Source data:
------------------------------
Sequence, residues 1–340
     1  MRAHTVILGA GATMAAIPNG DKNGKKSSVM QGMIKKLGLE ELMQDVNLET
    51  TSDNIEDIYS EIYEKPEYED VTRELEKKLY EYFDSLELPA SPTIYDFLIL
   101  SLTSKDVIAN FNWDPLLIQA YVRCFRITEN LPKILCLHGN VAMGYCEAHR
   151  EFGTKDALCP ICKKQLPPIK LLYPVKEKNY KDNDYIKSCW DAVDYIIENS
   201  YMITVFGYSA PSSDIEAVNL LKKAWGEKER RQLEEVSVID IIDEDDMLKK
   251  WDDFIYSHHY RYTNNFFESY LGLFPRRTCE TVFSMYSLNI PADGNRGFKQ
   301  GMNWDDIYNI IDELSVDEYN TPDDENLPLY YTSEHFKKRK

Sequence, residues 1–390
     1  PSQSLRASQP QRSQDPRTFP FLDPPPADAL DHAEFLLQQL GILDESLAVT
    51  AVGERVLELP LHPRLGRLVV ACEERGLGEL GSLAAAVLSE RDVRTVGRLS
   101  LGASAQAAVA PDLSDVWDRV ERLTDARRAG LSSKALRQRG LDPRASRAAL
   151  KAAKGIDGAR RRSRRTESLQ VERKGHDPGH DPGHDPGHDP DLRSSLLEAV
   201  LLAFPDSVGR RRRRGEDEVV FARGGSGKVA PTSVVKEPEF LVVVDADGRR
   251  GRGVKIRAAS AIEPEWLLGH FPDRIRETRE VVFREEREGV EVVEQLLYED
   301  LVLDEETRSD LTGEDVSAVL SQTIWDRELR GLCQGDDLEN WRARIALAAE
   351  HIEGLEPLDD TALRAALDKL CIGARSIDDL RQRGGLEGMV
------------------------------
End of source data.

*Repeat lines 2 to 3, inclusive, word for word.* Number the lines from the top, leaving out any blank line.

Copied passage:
     1  MRAHTVILGA GATMAAIPNG DKNGKKSSVM QGMIKKLGLE ELMQDVNLET
    51  TSDNIEDIYS EIYEKPEYED VTRELEKKLY EYFDSLELPA SPTIYDFLIL